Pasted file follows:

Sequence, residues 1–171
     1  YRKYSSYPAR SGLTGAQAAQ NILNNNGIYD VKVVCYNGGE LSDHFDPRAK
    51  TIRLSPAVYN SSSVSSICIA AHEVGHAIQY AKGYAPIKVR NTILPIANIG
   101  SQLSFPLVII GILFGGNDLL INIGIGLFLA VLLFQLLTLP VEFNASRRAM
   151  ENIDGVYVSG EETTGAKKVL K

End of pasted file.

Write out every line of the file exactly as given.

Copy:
Sequence, residues 1–171
     1  YRKYSSYPAR SGLTGAQAAQ NILNNNGIYD VKVVCYNGGE LSDHFDPRAK
    51  TIRLSPAVYN SSSVSSICIA AHEVGHAIQY AKGYAPIKVR NTILPIANIG
   101  SQLSFPLVII GILFGGNDLL INIGIGLFLA VLLFQLLTLP VEFNASRRAM
   151  ENIDGVYVSG EETTGAKKVL K